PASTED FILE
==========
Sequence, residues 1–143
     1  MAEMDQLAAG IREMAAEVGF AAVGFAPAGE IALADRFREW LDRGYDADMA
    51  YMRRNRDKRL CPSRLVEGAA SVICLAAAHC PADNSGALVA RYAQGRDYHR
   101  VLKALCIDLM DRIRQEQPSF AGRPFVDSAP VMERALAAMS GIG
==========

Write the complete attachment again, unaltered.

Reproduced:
Sequence, residues 1–143
     1  MAEMDQLAAG IREMAAEVGF AAVGFAPAGE IALADRFREW LDRGYDADMA
    51  YMRRNRDKRL CPSRLVEGAA SVICLAAAHC PADNSGALVA RYAQGRDYHR
   101  VLKALCIDLM DRIRQEQPSF AGRPFVDSAP VMERALAAMS GIG